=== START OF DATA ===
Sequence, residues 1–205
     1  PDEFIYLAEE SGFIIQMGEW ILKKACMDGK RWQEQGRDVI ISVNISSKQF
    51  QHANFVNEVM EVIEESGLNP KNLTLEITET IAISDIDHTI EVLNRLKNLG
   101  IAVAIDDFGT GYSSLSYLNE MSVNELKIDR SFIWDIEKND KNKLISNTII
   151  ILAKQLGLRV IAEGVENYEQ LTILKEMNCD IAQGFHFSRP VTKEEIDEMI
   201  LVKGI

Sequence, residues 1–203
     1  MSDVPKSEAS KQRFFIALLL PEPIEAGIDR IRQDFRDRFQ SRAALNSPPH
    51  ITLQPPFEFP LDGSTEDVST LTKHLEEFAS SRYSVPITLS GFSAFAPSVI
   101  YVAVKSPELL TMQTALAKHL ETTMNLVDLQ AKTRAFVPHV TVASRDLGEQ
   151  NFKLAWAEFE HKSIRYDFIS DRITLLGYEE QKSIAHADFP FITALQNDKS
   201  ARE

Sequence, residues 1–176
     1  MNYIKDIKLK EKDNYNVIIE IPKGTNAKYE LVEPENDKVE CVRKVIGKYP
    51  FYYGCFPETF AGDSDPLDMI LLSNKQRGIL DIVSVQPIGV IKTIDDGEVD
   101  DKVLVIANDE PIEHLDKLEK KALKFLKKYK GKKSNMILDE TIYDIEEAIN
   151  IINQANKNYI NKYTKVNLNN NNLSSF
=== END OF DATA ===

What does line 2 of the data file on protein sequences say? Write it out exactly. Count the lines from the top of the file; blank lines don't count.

     1  PDEFIYLAEE SGFIIQMGEW ILKKACMDGK RWQEQGRDVI ISVNISSKQF